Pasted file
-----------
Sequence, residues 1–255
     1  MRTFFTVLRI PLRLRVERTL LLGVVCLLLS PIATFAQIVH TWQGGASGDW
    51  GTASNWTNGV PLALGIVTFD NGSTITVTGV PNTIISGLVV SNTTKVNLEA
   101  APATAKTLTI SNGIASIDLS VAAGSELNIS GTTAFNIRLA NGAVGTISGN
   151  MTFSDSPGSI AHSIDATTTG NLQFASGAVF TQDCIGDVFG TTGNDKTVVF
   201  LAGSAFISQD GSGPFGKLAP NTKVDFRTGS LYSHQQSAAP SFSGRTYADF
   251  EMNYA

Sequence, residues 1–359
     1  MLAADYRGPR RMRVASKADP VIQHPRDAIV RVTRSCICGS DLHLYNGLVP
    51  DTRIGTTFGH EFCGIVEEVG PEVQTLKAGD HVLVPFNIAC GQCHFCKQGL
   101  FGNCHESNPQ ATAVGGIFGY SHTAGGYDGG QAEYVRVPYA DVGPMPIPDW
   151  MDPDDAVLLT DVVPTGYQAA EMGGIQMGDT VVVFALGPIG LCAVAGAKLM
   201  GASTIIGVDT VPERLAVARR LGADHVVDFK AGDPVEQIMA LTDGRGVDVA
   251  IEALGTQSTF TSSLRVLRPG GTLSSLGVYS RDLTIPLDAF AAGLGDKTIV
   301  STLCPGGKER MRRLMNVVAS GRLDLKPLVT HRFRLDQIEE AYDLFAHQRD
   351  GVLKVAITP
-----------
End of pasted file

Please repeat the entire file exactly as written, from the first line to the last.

Sequence, residues 1–255
     1  MRTFFTVLRI PLRLRVERTL LLGVVCLLLS PIATFAQIVH TWQGGASGDW
    51  GTASNWTNGV PLALGIVTFD NGSTITVTGV PNTIISGLVV SNTTKVNLEA
   101  APATAKTLTI SNGIASIDLS VAAGSELNIS GTTAFNIRLA NGAVGTISGN
   151  MTFSDSPGSI AHSIDATTTG NLQFASGAVF TQDCIGDVFG TTGNDKTVVF
   201  LAGSAFISQD GSGPFGKLAP NTKVDFRTGS LYSHQQSAAP SFSGRTYADF
   251  EMNYA

Sequence, residues 1–359
     1  MLAADYRGPR RMRVASKADP VIQHPRDAIV RVTRSCICGS DLHLYNGLVP
    51  DTRIGTTFGH EFCGIVEEVG PEVQTLKAGD HVLVPFNIAC GQCHFCKQGL
   101  FGNCHESNPQ ATAVGGIFGY SHTAGGYDGG QAEYVRVPYA DVGPMPIPDW
   151  MDPDDAVLLT DVVPTGYQAA EMGGIQMGDT VVVFALGPIG LCAVAGAKLM
   201  GASTIIGVDT VPERLAVARR LGADHVVDFK AGDPVEQIMA LTDGRGVDVA
   251  IEALGTQSTF TSSLRVLRPG GTLSSLGVYS RDLTIPLDAF AAGLGDKTIV
   301  STLCPGGKER MRRLMNVVAS GRLDLKPLVT HRFRLDQIEE AYDLFAHQRD
   351  GVLKVAITP